Problem passing pointers between functions

This is a discussion on Problem passing pointers between functions within the C Programming forums, part of the General Programming Boards category; Hey guys, I'm obviously somewhat new to C and am having problems passing pointers between functions in two different .c ...

  1. #1
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    Angry Problem passing pointers between functions

    Hey guys, I'm obviously somewhat new to C and am having problems passing pointers between functions in two different .c files.

    Basically, I have this in main.c:

    ...
    printf("Address of jump: %d\n", &jump);
    store(&jump, address, op);
    ...

    and in table.c I have:

    void store(table *tab, int val, char* k)
    {
    printf("Address of received table: %d\n", &tab);
    ...

    jump itself is declared in a global header file. It is a typedef struct.

    When I run the program, I get this:
    Address of jumpTable: 17669248
    Address of received table: 3341436

    Why on Earth are the addresses being pointed to changing when I pass them to different functions? I've been looking around everywhere I can for answers but have not been able to find any. Please help me out!

    * Obviously I've removed most of my program to focus on what (I think) are the relevant bits. If more info is needed, please just let me know.

  2. #2
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    Because jump is already a pointer and you're passing in IT's address not it's contents...

    Code:
    store(jump,address,op);

  3. #3
    Programming Wraith GReaper's Avatar
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    Firstly you print the address of jump, and then print the address of tab, not *tab.
    Devoted my life to programming...

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    What I'd like to do is pass the address of jump so the store function can modify it. I tried removing the ampersand in

    Code:
    store(jump,address,op);
    as well as the corresponding splat in

    Code:
    void store(table tab, int val, char* k)
    ...but I still get different address'.

  5. #5
    Registered User gardhr's Avatar
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    Remember, in C even pointers are passed by value, so by taking the address of a pointer passed to a function you are actually getting the address of a local copy of that pointer. The solution is to pass a pointer to a pointer.

    Code:
    void reset(int** ptr, int* adr)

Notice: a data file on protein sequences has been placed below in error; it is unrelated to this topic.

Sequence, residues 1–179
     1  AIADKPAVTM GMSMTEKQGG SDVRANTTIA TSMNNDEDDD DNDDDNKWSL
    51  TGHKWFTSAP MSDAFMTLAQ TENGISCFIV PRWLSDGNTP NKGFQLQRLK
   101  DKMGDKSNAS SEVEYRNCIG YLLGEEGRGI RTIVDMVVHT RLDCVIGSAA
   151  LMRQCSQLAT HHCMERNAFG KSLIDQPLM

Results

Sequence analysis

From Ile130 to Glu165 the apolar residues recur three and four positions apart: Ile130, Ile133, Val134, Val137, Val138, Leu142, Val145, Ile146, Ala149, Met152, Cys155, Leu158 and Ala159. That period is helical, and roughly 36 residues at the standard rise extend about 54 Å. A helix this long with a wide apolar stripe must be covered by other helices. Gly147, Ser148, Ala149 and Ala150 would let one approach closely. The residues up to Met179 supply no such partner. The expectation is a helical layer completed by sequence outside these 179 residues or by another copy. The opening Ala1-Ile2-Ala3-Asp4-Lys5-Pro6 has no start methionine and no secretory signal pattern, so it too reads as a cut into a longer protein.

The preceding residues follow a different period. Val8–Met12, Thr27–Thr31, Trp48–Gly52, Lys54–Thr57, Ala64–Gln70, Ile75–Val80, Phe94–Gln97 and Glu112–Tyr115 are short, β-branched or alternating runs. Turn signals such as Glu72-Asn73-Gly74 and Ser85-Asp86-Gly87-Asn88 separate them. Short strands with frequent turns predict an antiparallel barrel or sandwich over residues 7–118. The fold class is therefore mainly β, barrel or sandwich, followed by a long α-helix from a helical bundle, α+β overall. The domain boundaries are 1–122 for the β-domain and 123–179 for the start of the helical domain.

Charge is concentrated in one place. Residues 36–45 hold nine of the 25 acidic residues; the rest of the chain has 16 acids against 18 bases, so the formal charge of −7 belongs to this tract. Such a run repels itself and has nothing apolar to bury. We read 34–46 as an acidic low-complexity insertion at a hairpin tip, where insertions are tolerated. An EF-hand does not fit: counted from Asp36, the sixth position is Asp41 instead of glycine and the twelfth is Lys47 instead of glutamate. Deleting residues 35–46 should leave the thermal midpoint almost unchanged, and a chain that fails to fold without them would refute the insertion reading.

{
    	*ptr = adr;
    }
    
    int main(void)
    {
    	int a = 1024, b = 512, *p = 0;
    	printf("Address of 'a': %x\n", (unsigned)&a);
    	printf("Value of 'a':   %d\n", a);
    	printf("Address of 'b': %x\n", (unsigned)&b);
    	printf("Value of 'b':   %d\n", b);
    	puts("reset: p -> a");
    	reset(&p, &a);
    	printf("Value of 'p':   %x\n", (unsigned)p);
    	printf("Value of '*p':  %d\n", *p);	
    	puts("reset: p -> b");
    	reset(&p, &b);
    	printf("Value of 'p':   %x\n", (unsigned)p);
    	printf("Value of '*p':  %d\n", *p);		
    }
    Last edited by gardhr; 09-17-2011 at 09:46 PM.

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    Quote Originally Posted by Civus View Post
    What I'd like to do is pass the address of jump so the store function can modify it. I tried removing the ampersand in

    Code:
    store(jump,address,op);
    as well as the corresponding splat in

    Code:
    void store(table tab, int val, char* k)
    ...but I still get different address'.
    Nope... you should have laft it in the store function...

  7. #7
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    Aha, thanks for the help guys. I guess it's just taking me a while to get used to this pass-by-value convention. Thanks again!

  8. #8
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    Quote Originally Posted by Civus View Post
    Aha, thanks for the help guys. I guess it's just taking me a while to get used to this pass-by-value convention. Thanks again!
    Coming from a Turbo Basic and Pascal background I *really hated* pointers when I first started with C ... But once you get the hang of it, it's actually quite simple. Just remember... in C everything is a number and everything passed into a function is a copy of a number.

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